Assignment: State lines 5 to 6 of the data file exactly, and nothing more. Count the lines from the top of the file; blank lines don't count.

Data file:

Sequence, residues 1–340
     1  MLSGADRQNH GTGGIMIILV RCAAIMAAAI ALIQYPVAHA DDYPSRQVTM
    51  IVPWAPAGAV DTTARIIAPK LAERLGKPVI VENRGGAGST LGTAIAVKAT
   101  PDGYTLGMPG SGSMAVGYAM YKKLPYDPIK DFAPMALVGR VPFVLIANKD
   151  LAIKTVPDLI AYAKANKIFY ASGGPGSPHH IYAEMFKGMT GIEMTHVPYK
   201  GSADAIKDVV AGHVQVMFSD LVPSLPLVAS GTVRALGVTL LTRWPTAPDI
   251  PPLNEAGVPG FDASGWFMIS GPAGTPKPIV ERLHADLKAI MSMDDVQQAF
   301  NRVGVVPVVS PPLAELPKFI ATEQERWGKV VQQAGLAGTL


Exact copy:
   151  LAIKTVPDLI AYAKANKIFY ASGGPGSPHH IYAEMFKGMT GIEMTHVPYK
   201  GSADAIKDVV AGHVQVMFSD LVPSLPLVAS GTVRALGVTL LTRWPTAPDI